Where The Journey Began For Obama

Sen. Barack Obama, D-Ill., pauses as he answers a reporters questions outside the White House in Washington, Friday, Jan. 5, 2007, after attending a meeting with between President Bush and members of Congress to discuss the president's revised Iraq. (AP Photo/Charles Dharapak)
When Barack Obama arrived in Southside Chicago, he was on a mission to help. The fires of a once-vibrant steel industry had already died, there were 326,000 unemployed, and nearly 70 percent of public schoolchildren were living below the poverty line. Barack Obama's journey begins here.

"It was a lot of poverty there, but a lot of pride," said Loretta Augustine, a community activist.

Chicago was in the midst of a political firestorm. Harold Washington, the city's first black mayor, had taken the reins and racial tensions were running high, CBS News anchor Katie Couric reports.

It was at this church, in 1984, where Obama came to work as a community organizer for a faith-based group called the Developing Communities Project. He worked in Altgeld Gardens, a racially segregated housing project on Chicago's far south side, in a city where political power means everything, the people of Altgeld were invisible.

"To a great extent, we were powerless," Augustine said.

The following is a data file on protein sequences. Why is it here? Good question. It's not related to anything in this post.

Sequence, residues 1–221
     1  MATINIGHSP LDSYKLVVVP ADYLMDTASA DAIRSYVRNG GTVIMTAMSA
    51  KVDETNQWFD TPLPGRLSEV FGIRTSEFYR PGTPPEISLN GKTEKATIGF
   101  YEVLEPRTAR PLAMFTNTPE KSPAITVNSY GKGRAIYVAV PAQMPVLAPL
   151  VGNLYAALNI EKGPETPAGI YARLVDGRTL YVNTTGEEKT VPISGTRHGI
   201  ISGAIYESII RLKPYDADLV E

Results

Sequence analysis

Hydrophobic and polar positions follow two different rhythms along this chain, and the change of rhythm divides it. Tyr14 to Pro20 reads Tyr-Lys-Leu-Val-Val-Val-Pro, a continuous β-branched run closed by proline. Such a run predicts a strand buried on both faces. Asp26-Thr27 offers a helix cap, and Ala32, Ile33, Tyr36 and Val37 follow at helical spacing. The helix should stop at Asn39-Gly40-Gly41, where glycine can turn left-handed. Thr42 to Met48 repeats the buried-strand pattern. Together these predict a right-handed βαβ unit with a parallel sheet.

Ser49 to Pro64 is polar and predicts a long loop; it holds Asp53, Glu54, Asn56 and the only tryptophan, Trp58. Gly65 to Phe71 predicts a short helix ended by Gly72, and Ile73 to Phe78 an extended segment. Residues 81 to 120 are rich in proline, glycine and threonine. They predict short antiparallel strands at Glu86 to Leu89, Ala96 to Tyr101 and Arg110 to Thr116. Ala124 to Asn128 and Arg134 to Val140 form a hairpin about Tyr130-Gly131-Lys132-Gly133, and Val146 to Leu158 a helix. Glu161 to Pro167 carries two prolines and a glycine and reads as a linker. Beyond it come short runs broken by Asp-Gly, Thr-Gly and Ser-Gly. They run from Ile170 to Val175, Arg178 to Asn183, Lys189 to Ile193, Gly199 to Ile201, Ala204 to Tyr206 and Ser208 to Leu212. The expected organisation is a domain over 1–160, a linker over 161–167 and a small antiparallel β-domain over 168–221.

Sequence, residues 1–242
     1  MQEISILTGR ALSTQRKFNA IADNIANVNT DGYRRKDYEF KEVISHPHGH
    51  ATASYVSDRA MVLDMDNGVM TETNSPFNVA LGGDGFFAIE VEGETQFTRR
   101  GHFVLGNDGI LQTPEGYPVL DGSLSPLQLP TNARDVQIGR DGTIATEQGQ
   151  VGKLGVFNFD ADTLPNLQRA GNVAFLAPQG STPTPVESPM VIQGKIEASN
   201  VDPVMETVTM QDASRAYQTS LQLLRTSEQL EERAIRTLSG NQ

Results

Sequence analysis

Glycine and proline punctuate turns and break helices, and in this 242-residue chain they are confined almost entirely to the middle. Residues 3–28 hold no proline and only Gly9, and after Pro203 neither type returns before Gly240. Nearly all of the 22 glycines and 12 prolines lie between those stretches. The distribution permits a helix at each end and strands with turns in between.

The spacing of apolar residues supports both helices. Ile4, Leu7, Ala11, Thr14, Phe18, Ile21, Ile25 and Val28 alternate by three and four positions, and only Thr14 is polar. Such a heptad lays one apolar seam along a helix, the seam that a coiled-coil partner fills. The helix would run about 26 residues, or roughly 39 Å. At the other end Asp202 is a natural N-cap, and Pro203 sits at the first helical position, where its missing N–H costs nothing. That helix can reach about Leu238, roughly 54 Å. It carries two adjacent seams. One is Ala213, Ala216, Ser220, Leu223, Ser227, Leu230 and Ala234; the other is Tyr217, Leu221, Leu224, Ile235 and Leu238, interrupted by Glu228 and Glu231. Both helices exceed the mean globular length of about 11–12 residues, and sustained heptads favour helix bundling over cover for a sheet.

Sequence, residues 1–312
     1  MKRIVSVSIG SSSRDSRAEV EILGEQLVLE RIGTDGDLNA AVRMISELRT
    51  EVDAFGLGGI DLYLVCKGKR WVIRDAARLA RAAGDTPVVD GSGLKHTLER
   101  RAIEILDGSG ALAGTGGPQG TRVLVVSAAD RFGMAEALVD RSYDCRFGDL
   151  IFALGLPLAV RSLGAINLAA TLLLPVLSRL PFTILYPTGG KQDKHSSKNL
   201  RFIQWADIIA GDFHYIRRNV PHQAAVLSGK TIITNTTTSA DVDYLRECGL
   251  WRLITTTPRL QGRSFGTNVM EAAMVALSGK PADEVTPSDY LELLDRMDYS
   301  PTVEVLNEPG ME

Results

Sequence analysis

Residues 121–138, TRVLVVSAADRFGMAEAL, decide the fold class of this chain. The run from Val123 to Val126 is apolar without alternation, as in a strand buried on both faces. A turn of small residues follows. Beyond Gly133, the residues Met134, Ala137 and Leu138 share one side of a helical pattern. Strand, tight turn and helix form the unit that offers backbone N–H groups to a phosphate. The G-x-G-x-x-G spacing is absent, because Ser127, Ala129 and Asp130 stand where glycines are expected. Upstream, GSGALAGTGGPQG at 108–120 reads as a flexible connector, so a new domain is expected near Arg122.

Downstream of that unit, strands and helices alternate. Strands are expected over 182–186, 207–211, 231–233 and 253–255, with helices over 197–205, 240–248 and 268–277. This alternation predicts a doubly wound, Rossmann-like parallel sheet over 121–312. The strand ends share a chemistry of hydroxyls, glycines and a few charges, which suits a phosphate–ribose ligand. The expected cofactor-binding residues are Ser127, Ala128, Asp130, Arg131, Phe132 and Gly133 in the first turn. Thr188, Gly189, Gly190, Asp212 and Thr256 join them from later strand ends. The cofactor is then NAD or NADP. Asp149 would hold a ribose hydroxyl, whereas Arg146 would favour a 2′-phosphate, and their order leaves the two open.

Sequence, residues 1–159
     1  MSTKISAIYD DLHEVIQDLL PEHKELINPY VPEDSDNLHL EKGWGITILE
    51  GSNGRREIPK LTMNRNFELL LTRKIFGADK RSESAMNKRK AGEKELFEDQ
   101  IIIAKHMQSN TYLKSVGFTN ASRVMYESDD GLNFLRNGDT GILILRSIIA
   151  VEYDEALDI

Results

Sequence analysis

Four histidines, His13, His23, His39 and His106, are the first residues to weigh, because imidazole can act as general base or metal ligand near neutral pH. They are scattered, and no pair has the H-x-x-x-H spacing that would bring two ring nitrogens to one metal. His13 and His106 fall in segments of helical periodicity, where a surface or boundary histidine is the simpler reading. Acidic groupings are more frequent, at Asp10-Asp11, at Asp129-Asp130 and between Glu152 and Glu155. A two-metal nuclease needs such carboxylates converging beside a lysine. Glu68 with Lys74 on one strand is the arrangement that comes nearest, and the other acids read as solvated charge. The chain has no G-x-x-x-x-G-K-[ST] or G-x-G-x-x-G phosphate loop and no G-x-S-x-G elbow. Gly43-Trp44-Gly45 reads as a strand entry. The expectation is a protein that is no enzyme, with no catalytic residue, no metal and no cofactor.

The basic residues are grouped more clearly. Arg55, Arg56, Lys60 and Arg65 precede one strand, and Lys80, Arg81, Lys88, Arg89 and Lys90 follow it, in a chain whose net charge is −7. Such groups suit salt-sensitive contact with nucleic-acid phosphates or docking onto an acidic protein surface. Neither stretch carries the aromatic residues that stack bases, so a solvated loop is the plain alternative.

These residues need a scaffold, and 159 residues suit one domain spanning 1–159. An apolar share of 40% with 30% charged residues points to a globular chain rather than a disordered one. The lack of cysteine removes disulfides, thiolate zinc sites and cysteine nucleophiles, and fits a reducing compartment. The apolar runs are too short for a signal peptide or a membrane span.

Obama's challenge was to turn the impoverished residents of Altgeld Gardens into political players — to get their problems heard. But older memebers of the group were skeptical of the 23-year-old.

Gerry Kellman hired Obama.

"How was this kid gonna be any help to them?" Kellman said. CK THIS

Over time, Obama earned their trust and figured out how to make those voices heard.

"What Barack had to do was instill confidence in these folks," Kellman said.

And then, there was a crucial meeting: A representative from the mayor's office tried to take over — and suddenly the south side activists rose up.

"And from the back of the room came Barack's voice and he says, 'we want to hear from Loretta. Let Loretta talk,'" Augustine recalls. "And in that instant, he changed the meeting and focused right back on our agenda."

Surrounded by 53 toxic waste dumps, Altgeld Gardens is often called "the toxic donut."

In 1967, Augustine's 6-year-old daughter died of leukemia — which she's convinced was caused by toxic waste — yet no one was listening to the people in the neighborhood.

"We found out there was a secret meeting in South Chicago on the issue and we had been excluded," she said.

Obama and 300 community members marched to the secret meeting.

"We were not to make any noise. Everyone who could get in the room filed in around these people and they were just like shocked," she says.

The message was loud and clear — and the idea was Obama's.

"You cannot leave the community out of the process. It was so powerful," Augustine says.

Most of the stayed in that job for four months. Obama continued to fight for four years, cutting his teeth on community activism.

The first measure of his leadership skills that are now being tested on a much larger stage.

"Barack came her very idealistic and he left much more practical," Kellman said. "He left, but he didn't leave us. We claim him."